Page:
Lots of "ice" and snow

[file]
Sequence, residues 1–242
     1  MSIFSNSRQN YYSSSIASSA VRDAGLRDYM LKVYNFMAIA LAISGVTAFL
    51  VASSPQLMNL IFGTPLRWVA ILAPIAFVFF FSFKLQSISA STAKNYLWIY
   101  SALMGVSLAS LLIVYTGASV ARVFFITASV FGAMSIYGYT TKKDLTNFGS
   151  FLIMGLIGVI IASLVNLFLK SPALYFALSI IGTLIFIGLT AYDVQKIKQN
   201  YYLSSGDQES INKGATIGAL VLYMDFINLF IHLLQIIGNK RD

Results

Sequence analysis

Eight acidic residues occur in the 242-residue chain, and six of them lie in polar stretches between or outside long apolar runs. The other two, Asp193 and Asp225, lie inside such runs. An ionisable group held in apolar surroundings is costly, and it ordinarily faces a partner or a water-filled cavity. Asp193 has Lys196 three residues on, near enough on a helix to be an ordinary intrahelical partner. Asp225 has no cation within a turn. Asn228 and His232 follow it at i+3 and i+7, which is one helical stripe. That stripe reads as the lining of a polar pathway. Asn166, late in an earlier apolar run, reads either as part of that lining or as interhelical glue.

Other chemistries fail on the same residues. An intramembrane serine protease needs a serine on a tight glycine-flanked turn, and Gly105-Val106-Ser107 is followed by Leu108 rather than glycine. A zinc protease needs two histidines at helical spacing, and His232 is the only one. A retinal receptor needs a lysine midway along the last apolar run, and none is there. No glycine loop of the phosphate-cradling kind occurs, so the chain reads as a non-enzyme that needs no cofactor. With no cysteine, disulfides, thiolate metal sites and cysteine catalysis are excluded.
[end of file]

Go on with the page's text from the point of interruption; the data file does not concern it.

The dark angel and the heart, both consisting of volcanic sands, are located in the southern polar region of the planet, not far from the polar cap, at approximately 78 degrees south. Currently it is summer at this location. The permanent ice cap, consisting mostly of water ice and frozen carbon dioxide, now has a diameter of 400 kilometres and an average thickness of 1.5 kilometres. These are dimensions that are roughly comparable to the ice-covered island of Greenland on Earth. However, it is only this size in the southern summer. During the six-month winter, the south pole ice cap on Mars extends further, to almost 60 degrees south. Even in summer in the southern hemisphere of Mars, temperatures never rise above zero degrees Celsius. In winter, temperatures down to minus 133 degrees Celsius cause the carbon dioxide from the atmosphere to freeze and fall onto the ice cap as snow. This blanket of carbon dioxide ice is between one and two metres thick and sublimates again with the next spring, thus evaporating and re-exposing the landscape. Only on the permanent ice cap of the south pole does a thin layer remain. The atmosphere on Mars contains very little water vapour that can freeze to form ice. Water vapour forms only 0.02 percent of the planet's gas envelope, which consists mainly of carbon dioxide and nitrogen; on Earth, there is twenty times more water vapour in the atmosphere, averaging a concentration of 0.4 percent. Therefore, the angel and the heart are only visible in the southern summer; in winter they lie hidden under the layer of frozen carbon dioxide.